June 1, 2010 at 2:01 pm

    sure, barbara, feel free to share my blog with the teachers at your school.
    you (and they) can follow it on facebook at to see when we post new art activities in your home page feed.
    or subscribe to our rss feed:
    thanks again for reading!

  • Reply
    June 1, 2010 at 2:04 pm

    Nesting orbs are very neat! Thanks for the interview and giveaway!

  • Reply
    annette standrod
    June 1, 2010 at 2:37 pm

    I too am an art therapist who is on “Pause” to raise my two girls Bay(3) and June(2). I enjoy seeing them create and having that art therapy eye(and ear) to learn more about them.

  • Reply
    Kathie E
    June 1, 2010 at 3:04 pm

    Great interview & I couldn’t resist the chance to win a nesting orb. All the children talk about lately are nests.

  • Reply
    marylea @ Pink and Green Mama
    June 1, 2010 at 3:49 pm

    A great interview with one of my favorite bloggers!!
    Love Jen’s list about talking about art with the artist.
    My girls are natural nesters and would love making some of these for our “bird tree” in our backyard!
    pink and green mama

  • Reply
    June 1, 2010 at 5:01 pm

    A great interview. I enjoy her unique perspective.

  • Reply
    Rena/Gwee (that's what Novi calls me!)
    June 1, 2010 at 5:39 pm

    I am so proud and honored to be Jen’s Mom! She has always been very creative, even as a child collecting rocks, shells, sticks and making special potions. She continues to amaze and inspire me. She is the best Mom, Novi is so fortunate to have her. I hope her paintcutpaste site and her blogs help other Mom’s learn more about their children through art and just taking the time to BE with their children.

  • Reply
    Stacy of KSW
    June 1, 2010 at 2:14 pm

    I just love reading your site (still have to send you the outdoor ideas this week). Thanks for introducing me to Jennifer, I can’t wait to stop by her site. Nesting orbs … now how cool is that?

  • Reply
    June 1, 2010 at 6:47 pm

    Great Interview. You both have such wonderful crafting ideas. We have done several of them with great fun.
    Thanks for sharing

  • Reply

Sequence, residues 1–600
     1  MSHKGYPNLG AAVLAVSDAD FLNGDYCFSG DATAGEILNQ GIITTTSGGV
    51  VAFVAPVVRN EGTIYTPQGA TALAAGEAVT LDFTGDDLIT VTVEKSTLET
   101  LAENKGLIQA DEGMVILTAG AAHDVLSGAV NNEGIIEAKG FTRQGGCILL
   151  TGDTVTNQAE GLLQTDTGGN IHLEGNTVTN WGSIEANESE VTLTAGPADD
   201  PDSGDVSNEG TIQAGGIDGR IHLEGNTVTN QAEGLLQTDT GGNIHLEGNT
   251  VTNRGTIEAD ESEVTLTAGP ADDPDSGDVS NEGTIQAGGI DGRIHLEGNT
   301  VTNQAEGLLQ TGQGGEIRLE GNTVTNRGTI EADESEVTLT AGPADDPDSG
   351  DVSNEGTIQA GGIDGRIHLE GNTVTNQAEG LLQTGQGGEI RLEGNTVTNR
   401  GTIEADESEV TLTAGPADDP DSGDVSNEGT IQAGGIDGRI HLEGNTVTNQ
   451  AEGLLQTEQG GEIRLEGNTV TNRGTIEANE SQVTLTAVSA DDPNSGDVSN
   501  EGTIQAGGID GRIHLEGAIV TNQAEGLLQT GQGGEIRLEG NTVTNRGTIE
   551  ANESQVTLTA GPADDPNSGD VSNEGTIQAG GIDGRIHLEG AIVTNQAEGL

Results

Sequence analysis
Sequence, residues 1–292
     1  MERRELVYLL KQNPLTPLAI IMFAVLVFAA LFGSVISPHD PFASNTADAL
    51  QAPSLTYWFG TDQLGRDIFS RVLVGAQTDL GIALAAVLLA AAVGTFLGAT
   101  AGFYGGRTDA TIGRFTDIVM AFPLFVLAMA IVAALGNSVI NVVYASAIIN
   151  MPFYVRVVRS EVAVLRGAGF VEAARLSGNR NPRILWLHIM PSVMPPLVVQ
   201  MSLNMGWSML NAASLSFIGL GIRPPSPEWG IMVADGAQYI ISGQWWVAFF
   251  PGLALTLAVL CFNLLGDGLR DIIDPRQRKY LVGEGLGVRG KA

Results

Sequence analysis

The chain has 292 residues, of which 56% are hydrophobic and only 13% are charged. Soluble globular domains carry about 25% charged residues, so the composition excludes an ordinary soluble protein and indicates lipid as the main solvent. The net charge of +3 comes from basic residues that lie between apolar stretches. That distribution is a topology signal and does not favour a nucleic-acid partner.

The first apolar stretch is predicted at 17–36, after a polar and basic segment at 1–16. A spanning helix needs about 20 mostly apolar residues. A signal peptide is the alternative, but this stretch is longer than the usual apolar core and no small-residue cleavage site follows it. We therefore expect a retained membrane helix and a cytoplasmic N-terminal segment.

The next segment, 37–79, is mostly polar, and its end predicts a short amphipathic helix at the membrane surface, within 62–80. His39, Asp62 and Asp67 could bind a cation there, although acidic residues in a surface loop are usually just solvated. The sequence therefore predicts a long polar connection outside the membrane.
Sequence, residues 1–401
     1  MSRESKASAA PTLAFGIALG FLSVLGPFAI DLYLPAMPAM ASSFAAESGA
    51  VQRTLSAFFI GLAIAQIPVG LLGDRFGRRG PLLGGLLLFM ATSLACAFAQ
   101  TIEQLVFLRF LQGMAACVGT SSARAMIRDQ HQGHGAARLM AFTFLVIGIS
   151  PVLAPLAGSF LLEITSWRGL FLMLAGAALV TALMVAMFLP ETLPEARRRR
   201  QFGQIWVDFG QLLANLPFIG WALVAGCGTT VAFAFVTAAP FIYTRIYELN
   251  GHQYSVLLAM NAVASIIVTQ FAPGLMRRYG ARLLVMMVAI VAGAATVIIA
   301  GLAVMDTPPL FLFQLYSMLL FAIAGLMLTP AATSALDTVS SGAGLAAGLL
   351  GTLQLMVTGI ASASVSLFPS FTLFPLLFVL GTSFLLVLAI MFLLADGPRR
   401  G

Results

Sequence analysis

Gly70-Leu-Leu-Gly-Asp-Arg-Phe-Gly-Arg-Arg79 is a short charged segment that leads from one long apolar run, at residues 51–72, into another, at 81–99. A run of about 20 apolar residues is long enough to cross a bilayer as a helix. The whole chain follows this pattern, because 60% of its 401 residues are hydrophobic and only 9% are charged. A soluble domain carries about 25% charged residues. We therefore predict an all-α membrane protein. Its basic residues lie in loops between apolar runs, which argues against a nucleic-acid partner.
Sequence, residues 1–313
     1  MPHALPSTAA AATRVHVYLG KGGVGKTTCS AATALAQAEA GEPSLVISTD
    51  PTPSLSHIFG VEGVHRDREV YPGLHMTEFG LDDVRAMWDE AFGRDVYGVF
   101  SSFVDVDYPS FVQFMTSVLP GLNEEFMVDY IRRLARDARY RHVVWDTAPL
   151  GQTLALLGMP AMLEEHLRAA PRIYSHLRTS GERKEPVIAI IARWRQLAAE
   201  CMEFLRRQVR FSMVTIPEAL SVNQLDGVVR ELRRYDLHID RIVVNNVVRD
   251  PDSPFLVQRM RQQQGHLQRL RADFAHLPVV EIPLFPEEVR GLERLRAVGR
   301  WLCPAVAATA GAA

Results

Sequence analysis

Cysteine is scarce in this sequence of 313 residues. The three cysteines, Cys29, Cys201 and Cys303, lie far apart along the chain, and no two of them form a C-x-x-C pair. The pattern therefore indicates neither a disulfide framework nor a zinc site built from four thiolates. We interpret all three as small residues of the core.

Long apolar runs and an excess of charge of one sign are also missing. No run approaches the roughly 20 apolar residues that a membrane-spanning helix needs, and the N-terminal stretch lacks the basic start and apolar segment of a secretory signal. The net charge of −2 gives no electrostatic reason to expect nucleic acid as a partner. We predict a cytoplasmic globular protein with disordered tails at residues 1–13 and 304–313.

June 1, 2010 at 7:10 pm

    I haven’t posted a comment to a blog before but I loved this interview. I appreciate this community of parents who value art as a way to help your child become a grown up person! I teach art to preschoolers and I also find myself encouraging parents to view art as a process rather than a product, I love to observe how the youngsters open up as they create- even if it’s glueing paper and fuzz balls or spreading pain on a wide open canvas. In fact they seem to open up more when there is less of a procedure and more open-ended art. Thank you!!

  • Reply
    Amy Field
    June 1, 2010 at 7:27 pm

    Loved the interview. Another great site!!! Keep up the amazing work!!

  • Reply
    Beth Brayley
    June 1, 2010 at 8:34 pm

    I am an adaptive art teacher, teaching art to special needs children. I used the artful parent a lot for ideas this fall. Now I have more blogs to pull from… thanks!! i also have a 3 year old of my own that LOVES doing art. He would love these orbs.

  • Reply
    Amy Hill
    June 1, 2010 at 9:34 pm

    We love Jen and Paint, Cut, Paste at our house. We have done many of the art projects and I take notes for the future! I especially love the mindfulness and ideas to help support the child. Thanks!

  • Reply
    Phoenix Peacock
    June 1, 2010 at 9:45 pm

    Great shout-out to Naropa and Art Therapy. A lot of the current Transpersonal Counseling Students in the Art Therapy track at Naropa University are following Jen on Paint Cut Paste! We love it!

  • Reply
    Gwynneth Beasley
    June 1, 2010 at 6:19 pm

    I love your interviews Jean, I have found some wonderfully interesting people to follow through this site, and Jen is definately one of them. My eldests is 5 1/2 and I have definately learnt some interesting things from him after asking open ended questions about his drawings. I look forward to following Jen’s blog!

  • Reply
    June 1, 2010 at 10:26 pm

    I read the whole post from Paint, Cut, Paste. How cool that she did a career change. Not many people love what they do. I love the comments about how to react to children’s art. I’ve heard of some of this, but got many great new tips as well. Thanks for the post.

  • Reply
    June 1, 2010 at 10:37 pm

    really love the info about how to talk to kids about their art — great stuff. and man, me and the kiddos would have fun with those orbs! pick us! :) [email protected]

  • Reply
    June 1, 2010 at 10:37 pm

    whoo hoo! naropa transpersonal counseling psychology/art therapy reprazent! sorry… had to. ;) it’s just such a beautifully designed and amazing masters program. i adore my alma mater and am so blessed and lucky to hold a MA degree from this university, in this particular department.

  • Reply
    June 1, 2010 at 11:14 pm

    Inspiring interview. I especially liked the “let’s talk about art” section. My daughter and I love getting ideas from you guys! Thanks for the post!

  • Reply
    June 1, 2010 at 11:48 pm

    Some interesting things to think about. I wish I had more ideas on displaying my daughters art, she makes a dozen new things a day and wants me to put all of them up on the walls and ‘keep them forever’ (her words), and I do store them, but it’s a mess. I would love to hear how others deal with that successfully.

  • Reply
    June 2, 2010 at 12:08 am

    i made a little “art gallery” in novi’s bedroom with picture wire and drawer knobs and clothespins:
    we rotate pieces in there. i frame some in ikea ribba frames around teh house (and rotate those, too.)
    much of our art is made into greeting cards and wrapping paper for loved ones (and novi is totally cool with this – i photograph everything digitally before it leaves our home so we can “keep it forever” in a sense)